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How To Handle Underperforming Salespeople

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Underperforming Salespeople

Do you know how to handle underperforming salespeople like an expert? Can you confidently help your team reach their full potential so that your business can continue to grow? 

When sales team productivity drops, it is time to take a look at why. Anyone can have a bad day, but when salespeople regularly fail to meet expectations, it becomes a problem. Below, we will provide some insights to help address this. 

Lastly, don’t forget to try the DriveTest® assessment to test the sales personality of each candidate before you hire them so you never end up with another bad sales hire again.

Underperforming Sales Team Members

Every sales manager will notice a drop in productivity at some point. The steps you take to handle the issue have a huge impact on the future of your team. 

Begin addressing sales team challenges by identifying the cause of the problem. 

If your sales team consistently does not meet their quota, ask yourself why. Is the expectation reasonable? Do they have enough manpower, skills, and resources to do the job? 

If the problem lies within, you can make adjustments. For example, you could change the quotas or bring in more people. 

However, if the problem lies with individuals, it might be time to take a look at performance improvement strategies or your hiring structure.

Understand Personal Issues

With leadership, empathy is key. Oftentimes, personal circumstances lead to ailing mental health and cause poor work performance. Confronting struggling employees with harsh accusations will not improve their performance; you need to understand their situation.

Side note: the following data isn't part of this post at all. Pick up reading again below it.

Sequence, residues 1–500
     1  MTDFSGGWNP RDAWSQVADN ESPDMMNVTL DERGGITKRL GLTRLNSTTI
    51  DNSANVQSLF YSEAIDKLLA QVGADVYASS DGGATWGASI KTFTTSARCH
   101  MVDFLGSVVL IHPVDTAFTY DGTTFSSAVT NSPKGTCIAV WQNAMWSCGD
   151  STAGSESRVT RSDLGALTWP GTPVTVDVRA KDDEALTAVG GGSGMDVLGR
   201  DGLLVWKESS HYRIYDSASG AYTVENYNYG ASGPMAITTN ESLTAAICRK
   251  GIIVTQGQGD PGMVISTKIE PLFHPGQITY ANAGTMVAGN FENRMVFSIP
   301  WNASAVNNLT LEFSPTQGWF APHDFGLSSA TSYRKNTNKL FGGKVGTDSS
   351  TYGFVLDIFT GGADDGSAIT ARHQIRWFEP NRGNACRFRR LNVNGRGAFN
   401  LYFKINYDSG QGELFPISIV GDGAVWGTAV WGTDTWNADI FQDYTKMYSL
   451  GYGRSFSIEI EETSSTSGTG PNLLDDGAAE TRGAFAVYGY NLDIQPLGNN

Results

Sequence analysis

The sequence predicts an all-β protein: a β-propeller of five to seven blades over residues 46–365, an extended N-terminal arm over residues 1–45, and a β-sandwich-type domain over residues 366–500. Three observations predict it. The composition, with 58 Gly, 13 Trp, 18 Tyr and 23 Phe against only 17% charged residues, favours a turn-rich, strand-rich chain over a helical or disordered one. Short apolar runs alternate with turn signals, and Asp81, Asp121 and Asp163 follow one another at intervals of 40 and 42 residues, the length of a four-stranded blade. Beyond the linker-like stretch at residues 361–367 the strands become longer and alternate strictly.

Before you call in an underperforming employee for a one-on-one, think about the following:

  • How will your words affect them?
  • Are they in a depleted emotional state? 
  • Will a chance to express themselves help them feel better? 
  • Is there any support you can offer to motivate them to improve their work performance?

Workplace burnout could be the cause of poor sales performance. When the demands of work exhaust your employees without providing them with the time or desire to take a break, they will eventually have nothing left to give. Improving their work-life balance is not a cliché.

If you approach your employees with kindness, they will also know that you care about them and not just their sales quota.

Regular Sales Performance Evaluation

When evaluating how to handle underperforming salespeople, the problem could be that an employee does not realize they are missing the mark. Is there regular performance feedback in place? 

Thorough evaluation methods will also have an employee evaluate themselves so that you can openly discuss how they think they are doing.

When managers meet with employees individually on a regular basis, it provides an opportunity to develop a solid working relationship. 

Employees that feel respected and heard could feel motivated to work harder. So, dealing with underperformance in sales starts by listening to your team.

Do Not Resist Providing Feedback

Some managers avoid confrontation to a fault. After all, when you avoid talking to your employees about their shortcomings until they are on the verge of termination, no one benefits. 

Instead, great managers will talk to their employees early and often, giving everyone a good idea of what is going on within the team. While it benefits employees to understand where and how they can improve, pointing out areas where they shine is also helpful. 

Positive performance feedback in sales boosts morale and encourages the team to run harder after their goals.

Provide Comprehensive Training

If you expect your team to abide by specific rules, it is imperative to provide thorough training to equip them for the task. Each employee arrives with a different skill set and life experiences.